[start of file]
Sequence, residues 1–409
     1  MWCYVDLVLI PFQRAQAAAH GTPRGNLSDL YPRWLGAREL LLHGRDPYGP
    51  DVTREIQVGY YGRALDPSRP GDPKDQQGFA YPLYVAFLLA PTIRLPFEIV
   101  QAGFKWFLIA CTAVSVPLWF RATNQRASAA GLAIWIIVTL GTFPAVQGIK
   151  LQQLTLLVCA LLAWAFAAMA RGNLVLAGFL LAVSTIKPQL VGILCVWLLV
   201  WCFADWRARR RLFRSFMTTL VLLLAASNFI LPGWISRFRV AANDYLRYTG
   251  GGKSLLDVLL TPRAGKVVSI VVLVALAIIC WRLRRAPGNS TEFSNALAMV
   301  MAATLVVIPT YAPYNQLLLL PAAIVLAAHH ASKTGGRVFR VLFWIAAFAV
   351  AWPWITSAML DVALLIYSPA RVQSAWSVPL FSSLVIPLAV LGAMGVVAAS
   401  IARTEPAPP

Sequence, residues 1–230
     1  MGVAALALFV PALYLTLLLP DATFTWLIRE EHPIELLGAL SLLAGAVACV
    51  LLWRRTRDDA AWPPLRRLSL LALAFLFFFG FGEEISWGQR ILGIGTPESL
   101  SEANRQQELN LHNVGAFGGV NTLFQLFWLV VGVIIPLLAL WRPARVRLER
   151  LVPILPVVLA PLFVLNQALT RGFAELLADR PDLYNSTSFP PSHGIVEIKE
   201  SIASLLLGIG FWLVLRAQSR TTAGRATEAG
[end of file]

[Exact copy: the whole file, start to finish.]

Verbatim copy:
Sequence, residues 1–409
     1  MWCYVDLVLI PFQRAQAAAH GTPRGNLSDL YPRWLGAREL LLHGRDPYGP
    51  DVTREIQVGY YGRALDPSRP GDPKDQQGFA YPLYVAFLLA PTIRLPFEIV
   101  QAGFKWFLIA CTAVSVPLWF RATNQRASAA GLAIWIIVTL GTFPAVQGIK
   151  LQQLTLLVCA LLAWAFAAMA RGNLVLAGFL LAVSTIKPQL VGILCVWLLV
   201  WCFADWRARR RLFRSFMTTL VLLLAASNFI LPGWISRFRV AANDYLRYTG
   251  GGKSLLDVLL TPRAGKVVSI VVLVALAIIC WRLRRAPGNS TEFSNALAMV
   301  MAATLVVIPT YAPYNQLLLL PAAIVLAAHH ASKTGGRVFR VLFWIAAFAV
   351  AWPWITSAML DVALLIYSPA RVQSAWSVPL FSSLVIPLAV LGAMGVVAAS
   401  IARTEPAPP

Sequence, residues 1–230
     1  MGVAALALFV PALYLTLLLP DATFTWLIRE EHPIELLGAL SLLAGAVACV
    51  LLWRRTRDDA AWPPLRRLSL LALAFLFFFG FGEEISWGQR ILGIGTPESL
   101  SEANRQQELN LHNVGAFGGV NTLFQLFWLV VGVIIPLLAL WRPARVRLER
   151  LVPILPVVLA PLFVLNQALT RGFAELLADR PDLYNSTSFP PSHGIVEIKE
   201  SIASLLLGIG FWLVLRAQSR TTAGRATEAG